Data culture – the path to sustainable success?
What is a data-driven corporate culture, why should it be established and what are the challenges?
In the context of Business Intelligence, the buzz word “data culture” is often heard, as companies are facing a major transformation. To improve decisions, processes, products and services, they should make full use of their data. For a long time, the IT department or special data analysts had to be hired for this. With modern BI software, however, it is possible for all employees to analyse data and gain important insights from it. For this to become a new habit for employees, however, the corporate culture must evolve towards a data-driven culture.
What is a data culture?
The term data culture can be defined in different ways. Most commonly, it refers to all the norms, mindsets and behaviours within an organisation that encourage employees to regularly learn about data, analyse it and make data-driven decisions. Data is therefore used on a broad level and not just by a few employees.
The following factors shape a data-driven culture:
- Data is treated as an important resource by all employees from different areas of a company, and it is handled safely and with integrity.
- Every employee understands what should be achieved with the data and its analyses
- Decisions are based on data and analysis, not on opinion or gut feeling
- Decisions are made efficiently and effectively based on data
- Reliable data is provided and documented at all times
Goals of a data culture
The goal of a data culture is therefore to empower and encourage all employees to actively use data to facilitate their daily work, to make decisions and to fully utilise the potential of the company in this way. This optimises decisions, improves actions and creates competitive advantages.
Why is a data culture important?
As a recent survey by BARC shows (to the BARC Data Culture Survey), improved decision-making, process improvements and cost reductions are the greatest benefits of a data culture. However, a successful data culture also helps to increase turnover, achieve better acceptance of decisions and create competitive advantages. At the same time, the study also showed that it is an essential part of modern corporate culture and can thus also attract talented employees or make them stay. So what starts as a strategic decision to improve competitiveness can also make an important contribution to recruitment.
As the study showed, finance departments (62 percent) and sales (42 percent) are often the departments of a company that are most data-driven and make corresponding decisions. But data-based decisions can also advance a company in marketing, logistics or production, for example.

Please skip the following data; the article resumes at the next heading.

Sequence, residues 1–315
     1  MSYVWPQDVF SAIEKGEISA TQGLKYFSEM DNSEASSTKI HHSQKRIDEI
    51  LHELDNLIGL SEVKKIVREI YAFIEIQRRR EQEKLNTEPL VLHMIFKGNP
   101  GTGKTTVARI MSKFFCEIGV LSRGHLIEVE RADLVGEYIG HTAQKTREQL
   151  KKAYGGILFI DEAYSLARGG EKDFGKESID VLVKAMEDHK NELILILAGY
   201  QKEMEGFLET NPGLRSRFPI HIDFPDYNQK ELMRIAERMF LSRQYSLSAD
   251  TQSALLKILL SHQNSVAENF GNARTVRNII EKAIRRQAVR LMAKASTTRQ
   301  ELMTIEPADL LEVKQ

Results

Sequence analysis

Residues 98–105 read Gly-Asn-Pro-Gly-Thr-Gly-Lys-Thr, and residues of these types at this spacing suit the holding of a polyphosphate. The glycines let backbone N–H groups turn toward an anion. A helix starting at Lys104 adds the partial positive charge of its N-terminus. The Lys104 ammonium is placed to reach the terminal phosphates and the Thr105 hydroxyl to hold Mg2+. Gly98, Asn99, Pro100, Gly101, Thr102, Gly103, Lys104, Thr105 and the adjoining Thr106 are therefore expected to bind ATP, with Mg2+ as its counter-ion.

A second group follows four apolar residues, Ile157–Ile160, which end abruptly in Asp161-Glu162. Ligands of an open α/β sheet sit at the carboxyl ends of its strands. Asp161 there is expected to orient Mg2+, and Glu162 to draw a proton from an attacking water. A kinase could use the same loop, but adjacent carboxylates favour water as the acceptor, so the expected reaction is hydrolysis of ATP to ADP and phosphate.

Challenges in building a data culture
Despite the many benefits of a strong data culture, becoming a company with a data-driven culture is not that easy. Companies that want to establish a data culture face several challenges:
1. Data democratisation
In the past, data was the responsibility of IT staff or data scientists and analysts. However, if company-wide data-driven decisions are to be made, employees must have access to all data relevant to their decisions and must be able to carry out the analyses themselves.
In addition, employees are often unaware of what data already exists in a company – especially if it has been stored in locked silos. Therefore, it is important not only to provide employees with access to this data, but also to create awareness of what data is already available.
2. Data literacy
If a data culture is to be established, employees often need to learn the skills to interpret, create, analyse and communicate data correctly first. Comprehensive training as well as support and encouragement by managers are important for this. Intuitive business intelligence software with self-service BI and intelligent dashboards can also help employees to interpret data and communicate their findings, for example by presenting the data in charts.
3. Data governance
At the top of many data users’ list of concerns is often the reliability of data, or data quality, because flawed data leads to poor decisions. Therefore, data governance guidelines are important, which define, for example, who is responsible for data or how quality control and improvement is carried out. This way, employees can assume that the data used is consistent, complete, valid, accurate and up-to-date.
4. Data security and privacy
When managing data, its security and protection is a particularly high priority – especially in the context of data protection laws such as the GDPR. If a data-driven corporate culture is to be established, companies must therefore strike a balance between data protection and at the same time making as much data as possible available to their employees. In particular, if data is to be stored in a cloud or made available to employees in a remote office, companies must introduce regulations for data security.
A data-driven corporate culture is an important success factor for modern companies. However, there are some challenges in establishing the data culture that need to be considered. Well-designed BI software can not only make all data conveniently available to your employees and help them analyse it, but also support you in the topics of data governance as well as data security and protection.
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